I am currently in Atlanta for the ACCS conference — and what a great time that is — but it turns out that John Lennox was also in town for another conference just a stone’s throw away, and through a fortuitous set of circumstances, we wound up seated next to each other at dinner last night.
Keith and Kristyn Getty were also here for the ACCS conference, and were also at the dinner, and Kristyn happens to be John Lennox’s niece. Nate was seated across the table, and he was one of the producers of Collision, and Louis Markos was also across the way. As you might imagine, the discussion was lively. The talk turned naturally to Christopher Hitchens, and “atheists that we have debated.”
We also spent some time talking about Larry Taunton’s book, The Faith of Christopher Hitchens, which (you may have heard) has received a barrage of criticism from astute non-readers of it. As Oscar Wilde once put it, “I never read a book I must review; it prejudices you so.” This would be the kind of review that claimed that Taunton claimed a deathbed conversion for Hitch, when he did nothing of the kind. In any case, when it came out I reviewed Taunton’s book for Books & Culture, which, if you missed it, you can find here.
But there is more than one way to be unfair to a book. There were other reviews, like David Frum’s in The Atlantic, where his take on Taunton was simply snarky and uncharitable, as though he were nothing more than a social climber, using the bodies of deceased atheists.
But Lennox debated Hitchens, as have I, as did Larry Taunton. We all debated the same man, the man described in Taunton’s book.
In any case, last night we spent a good bit of time talking about a bunch of atheist debates, and our discussion was merry. There are incompetent atheists, who are scarcely worth the powder. There are humorless atheists like Dawkins who maintain that man has no soul and tries to conduct himself as living proof of that proposition. And there are lively and clever atheists — like Hitch — who were quite formidable in debate.
But being formidable in debate is not the same thing as having solid arguments. Hitchens was clever and very quick, and you had to keep your eye on him every minute. He was the master of the non sequitur, but not the kind of non sequitur that made audiences go, “Whoa, he’s evading the topic under discussion.” It would be the kind of non sequitur which, when delivered in that accent of his, makes audiences look at you like you were, kind of rumpled, just taken out of the doofus locker. He was also a master of supercilious browbeating and bluster.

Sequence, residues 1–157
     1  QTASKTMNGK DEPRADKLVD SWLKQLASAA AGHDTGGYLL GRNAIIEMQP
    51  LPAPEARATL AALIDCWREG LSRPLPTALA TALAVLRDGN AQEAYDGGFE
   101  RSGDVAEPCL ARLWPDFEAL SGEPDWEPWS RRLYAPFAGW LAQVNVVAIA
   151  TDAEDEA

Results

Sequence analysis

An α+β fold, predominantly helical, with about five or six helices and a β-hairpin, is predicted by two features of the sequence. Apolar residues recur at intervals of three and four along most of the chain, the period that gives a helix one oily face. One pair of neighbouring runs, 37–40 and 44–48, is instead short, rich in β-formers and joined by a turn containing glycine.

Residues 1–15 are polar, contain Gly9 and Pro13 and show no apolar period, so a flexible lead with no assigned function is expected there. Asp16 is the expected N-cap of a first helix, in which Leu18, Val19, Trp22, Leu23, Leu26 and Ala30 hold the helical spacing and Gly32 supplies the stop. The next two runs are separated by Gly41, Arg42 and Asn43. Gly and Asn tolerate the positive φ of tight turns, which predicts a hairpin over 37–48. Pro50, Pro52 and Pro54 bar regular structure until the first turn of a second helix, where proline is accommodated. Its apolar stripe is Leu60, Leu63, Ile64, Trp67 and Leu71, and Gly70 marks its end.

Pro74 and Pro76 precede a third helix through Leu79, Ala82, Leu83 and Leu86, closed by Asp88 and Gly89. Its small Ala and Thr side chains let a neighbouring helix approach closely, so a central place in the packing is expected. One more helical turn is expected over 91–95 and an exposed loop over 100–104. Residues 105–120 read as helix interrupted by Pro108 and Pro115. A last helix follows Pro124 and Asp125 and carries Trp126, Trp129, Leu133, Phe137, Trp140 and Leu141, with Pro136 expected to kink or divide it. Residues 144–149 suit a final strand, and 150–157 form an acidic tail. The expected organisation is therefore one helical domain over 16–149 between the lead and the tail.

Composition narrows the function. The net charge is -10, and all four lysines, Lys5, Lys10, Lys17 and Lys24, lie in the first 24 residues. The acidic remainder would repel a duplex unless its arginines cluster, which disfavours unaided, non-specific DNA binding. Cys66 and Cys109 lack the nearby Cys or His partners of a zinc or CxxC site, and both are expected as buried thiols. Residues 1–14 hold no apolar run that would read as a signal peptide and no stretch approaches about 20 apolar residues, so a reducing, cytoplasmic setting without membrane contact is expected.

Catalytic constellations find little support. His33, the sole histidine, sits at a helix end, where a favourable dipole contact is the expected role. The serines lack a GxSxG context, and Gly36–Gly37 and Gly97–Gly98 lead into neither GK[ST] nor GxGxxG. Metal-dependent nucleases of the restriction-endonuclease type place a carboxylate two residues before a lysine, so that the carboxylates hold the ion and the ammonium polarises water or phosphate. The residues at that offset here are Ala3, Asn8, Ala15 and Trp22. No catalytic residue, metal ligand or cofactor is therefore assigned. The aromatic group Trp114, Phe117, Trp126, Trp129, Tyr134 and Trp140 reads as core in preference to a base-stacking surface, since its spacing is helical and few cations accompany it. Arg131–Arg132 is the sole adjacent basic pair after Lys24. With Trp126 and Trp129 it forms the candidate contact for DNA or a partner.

He was also clever enough to know what he was doing. Frum took Taunton to task for noticing things that anyone not actively a Hitch-idolater should and would have noticed about him. Frum represented Taunton as casting Hitchens as some kind of a coward, when we in the Approved Circles all know he was a Man of Courage. This is nothing but hagiography for atheists. This is just the Eulogistic Lie Royale.
Now Hitch was a courageous contrarian, depending on the enemy. But when your adversary is the Hound of Heaven, courage does not really enter into it. Defiant courage in the face of the Ancient of Days, the one before whom Heaven and earth flee away, does not deserve the name courage.
And Hitch was, as I have mentioned, very clever, which means that he was not prepared to go to the wall for something he had not thought through. Taunton describes Hitch, not as converting on his death bed, but rather as simply carving out a space for himself to think about the subject without having to deal with the howls of outraged fans. He makes no claims about the ultimate decision Hitch made, but simply maintains that in private Hitchens did not give the subject the back of his hand. That is quite true — Taunton is exactly right.
For those not disposed to take my word for it, or Lennox’s, or Taunton’s, let me appeal to the public record.
Non-believers go through three reluctant stages as they are thinking about the prospect or possibility of converting to Christianity. The first stage is, “You are wasting your time on me. I’ll never convert.” That tells you that they have at least thought about it. The idea has crossed their mind.
The second stage is, “If I converted, . . .” The sentence could be completed with any number of things — “would I have to give up beer?” or “I wouldn’t be that kind of Christian,” or “I would want to be a missionary.”
The third stage is, “When I become a Christian . . .”
In his public discussions of this subject, after his diagnosis of cancer, Hitch was manifestly a bit past stage 2. He said in various ways, on different occasions, that if he cried out on his death bed, this would mean the cancer had got to his brain, or the medications had really messed him up. The Christopher Hitchens everyone knew would already be dead.
Notice that he did not say that if he converted on his death bed, “you can be assured that some pious evangelical nurse is telling lies about me.” On this subject, Hitchens did not resort to an ad hominem. He spoke the way he did because he was clearly nervous about letting his team down. He thought it was a distinct possibility that he might do something like that, and so he was giving his atheist supporters an accounting of it beforehand.
I indicated this in my review of Taunton’s book, and it has been implicit here. But let me finish by making it explicit. Taunton’s book is an honest accounting of an atheist’s struggle with himself, and it is an account written by an honest and insightful man. He fudges no answers on behalf of Christian sensibilities, but being — like Hitch — a man of courage, he fudges no questions on behalf of atheist sensibilities either.
If you haven’t yet, I urge you to get and read the book.